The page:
We agree with the district court's analysis. We also note that the sole argument advanced by Roberts in this appeal in support of her claim for mandamus relief is that she should be granted leave to amend her complaint to assert a claim against Agent Kuker under 5 U.S.C. § 701. See Aplt. Br. at 31. Roberts' reliance on § 701 is misplaced, however, because she failed to raise
§ 701 in the district court proceedings, and she has not articulated a reason for us to depart from the general rule that "a federal appellate court does not consider an issue not passed on below." Walker v. Mather (In re Walker), 959 F.2d 894, 896 (10th Cir. 1992) (quotation omitted). Moreover, regardless of whether 5 U.S.C. §§ 701-706 provide federal district courts with jurisdiction to review actions of federal agencies in certain administrative contexts,(8) these statutes do not provide any basis for mandamus relief in this case. The initiation of a criminal investigation by the FBI is a discretionary act, and the federal courts do not have the power to grant mandamus relief with respect to discretionary acts of FBI officers. See Jafree v. Barber, 689 F.2d 640, 643 (7th Cir. 1982). As a result, it would be futile to grant Roberts leave to amend her complaint.
The judgment of the district court is AFFIRMED. We also GRANT: (1) the motion to supplement the record that Roberts filed on September 24, 2003; and (2) the motion to add a document to the supplemental appendix that defendants filed on October 29, 2003.
Entered for the Court
Timothy M. Tymkovich
*. This order and judgment is not binding precedent, except under the doctrines of law of the case, res judicata, and collateral estoppel. The court generally disfavors the citation of orders and judgments; nevertheless, an order and judgment may be cited under the terms and conditions of 10th Cir. R. 36.3.
1. We previously directed the parties to file briefs addressing the jurisdictional issue of whether Roberts filed this appeal in a timely manner. Having considered the briefs submitted by the parties, we conclude that Roberts filed this appeal in a timely manner. Specifically, because Roberts named an officer of the United States as a defendant, she had sixty days to file her notice of appeal, see Fed. R. App. P. 4(1)(B), and the sixty-day period began to run on December 20, 2002 when the district court entered its order granting in part Roberts' motion for reconsideration. See Aplt. App. at 271-75. Roberts filed her notice of appeal within the sixty-day period as it was filed on February 18, 2003, the sixtieth day.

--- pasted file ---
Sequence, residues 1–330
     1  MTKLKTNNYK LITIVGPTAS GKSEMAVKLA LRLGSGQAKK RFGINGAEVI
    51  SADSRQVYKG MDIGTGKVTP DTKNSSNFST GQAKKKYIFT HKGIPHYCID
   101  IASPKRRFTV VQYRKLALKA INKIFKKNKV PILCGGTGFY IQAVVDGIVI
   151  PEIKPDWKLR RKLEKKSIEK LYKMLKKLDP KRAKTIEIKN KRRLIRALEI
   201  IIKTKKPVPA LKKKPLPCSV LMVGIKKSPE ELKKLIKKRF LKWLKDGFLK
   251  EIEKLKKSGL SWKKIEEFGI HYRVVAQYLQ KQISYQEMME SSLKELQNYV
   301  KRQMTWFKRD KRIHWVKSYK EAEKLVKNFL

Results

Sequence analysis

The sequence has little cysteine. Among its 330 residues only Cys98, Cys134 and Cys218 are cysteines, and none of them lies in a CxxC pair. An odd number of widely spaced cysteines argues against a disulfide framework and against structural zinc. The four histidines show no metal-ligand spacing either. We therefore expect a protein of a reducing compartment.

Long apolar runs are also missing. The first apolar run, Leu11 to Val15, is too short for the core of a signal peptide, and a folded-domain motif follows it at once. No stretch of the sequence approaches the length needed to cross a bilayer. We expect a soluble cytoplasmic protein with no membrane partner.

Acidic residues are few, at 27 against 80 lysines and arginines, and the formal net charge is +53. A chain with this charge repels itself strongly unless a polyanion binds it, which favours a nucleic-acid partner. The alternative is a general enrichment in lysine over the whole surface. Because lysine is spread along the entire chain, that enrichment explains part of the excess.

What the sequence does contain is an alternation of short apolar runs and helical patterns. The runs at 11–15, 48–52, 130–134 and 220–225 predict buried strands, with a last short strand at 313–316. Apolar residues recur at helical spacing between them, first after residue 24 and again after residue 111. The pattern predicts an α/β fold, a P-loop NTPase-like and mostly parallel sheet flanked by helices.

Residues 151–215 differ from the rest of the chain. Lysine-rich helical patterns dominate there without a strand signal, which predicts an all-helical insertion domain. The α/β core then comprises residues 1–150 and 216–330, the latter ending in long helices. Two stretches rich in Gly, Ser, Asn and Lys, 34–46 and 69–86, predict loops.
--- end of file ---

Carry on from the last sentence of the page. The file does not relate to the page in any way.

2. In her complaint, Roberts also asserted claims against defendants under the First and Ninth Amendments, but she has abandoned those claims in this appeal.
3. See Rooker v. Fid. Trust Co., 263 U.S. 413 (1923); Dist. of Columbia Ct. of App. v. Feldman, 460 U.S. 462 (1983) (restricting federal court review of state court proceedings).
4. We note that Roberts is also relying on the fact that she was not a party to the Adoption Case in order to defeat application of the Rooker-Feldman doctrine. See Aplt. Br. at 25. The fact that Roberts was not a party to the Adoption Case does not affect the applicability of the Rooker-Feldman doctrine, however, as the Termination Case was the determinative state-court proceeding for adjudicating Roberts' custody rights under New Mexico law, and we conclude that she was a party to the Termination Case for purposes of the Rooker-Feldman doctrine.
5. With respect to Roberts' status as an alleged guardian of the Child, the district court found that "the record is inconclusive about what type of guardianship relationship was created by the February, 1997 order and as to whether that guardianship was terminated by the October, 1998 order." Aplt. App. at 171-72. As a result, "for the purposes of [defendants'] motion to dismiss only, the Court presume[d] that Plaintiff was appointed as the Child's permanent guardian and that the guardianship was never properly terminated." Id. at 172. As explained herein, we disagree with the district court's assertion that the record is inconclusive as to whether the guardianship was terminated by the New Mexico district court's October 1998 order.
6. Because we conclude that Roberts has failed to show that she was the Child's guardian during the relevant time period, we need not reach the additional question decided by the district court; namely, whether guardians have a legally-protected interest under New Mexico law in the care, custody, and control of a child.
7. In relevant part, § 533 provides that the United States Attorney General may appoint officials "to detect and prosecute crimes against the United States." 28 U.S.C. § 533(1).
8. Section 701 is part of the judicial review provisions contained in the federal Administrative Procedure Act. See 5 U.S.C. §§ 701-706.